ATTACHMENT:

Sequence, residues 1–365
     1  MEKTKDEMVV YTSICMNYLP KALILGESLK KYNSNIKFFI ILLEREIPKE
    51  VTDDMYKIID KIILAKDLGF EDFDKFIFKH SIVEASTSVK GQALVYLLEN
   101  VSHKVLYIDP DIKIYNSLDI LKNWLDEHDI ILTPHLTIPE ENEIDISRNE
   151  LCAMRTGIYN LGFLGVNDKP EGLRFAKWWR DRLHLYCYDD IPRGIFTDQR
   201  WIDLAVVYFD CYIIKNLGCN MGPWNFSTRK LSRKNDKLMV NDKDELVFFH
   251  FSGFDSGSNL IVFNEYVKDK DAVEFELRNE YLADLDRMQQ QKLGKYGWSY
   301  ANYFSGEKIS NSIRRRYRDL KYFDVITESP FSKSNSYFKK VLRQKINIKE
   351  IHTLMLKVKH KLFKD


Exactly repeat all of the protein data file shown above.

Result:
Sequence, residues 1–365
     1  MEKTKDEMVV YTSICMNYLP KALILGESLK KYNSNIKFFI ILLEREIPKE
    51  VTDDMYKIID KIILAKDLGF EDFDKFIFKH SIVEASTSVK GQALVYLLEN
   101  VSHKVLYIDP DIKIYNSLDI LKNWLDEHDI ILTPHLTIPE ENEIDISRNE
   151  LCAMRTGIYN LGFLGVNDKP EGLRFAKWWR DRLHLYCYDD IPRGIFTDQR
   201  WIDLAVVYFD CYIIKNLGCN MGPWNFSTRK LSRKNDKLMV NDKDELVFFH
   251  FSGFDSGSNL IVFNEYVKDK DAVEFELRNE YLADLDRMQQ QKLGKYGWSY
   301  ANYFSGEKIS NSIRRRYRDL KYFDVITESP FSKSNSYFKK VLRQKINIKE
   351  IHTLMLKVKH KLFKD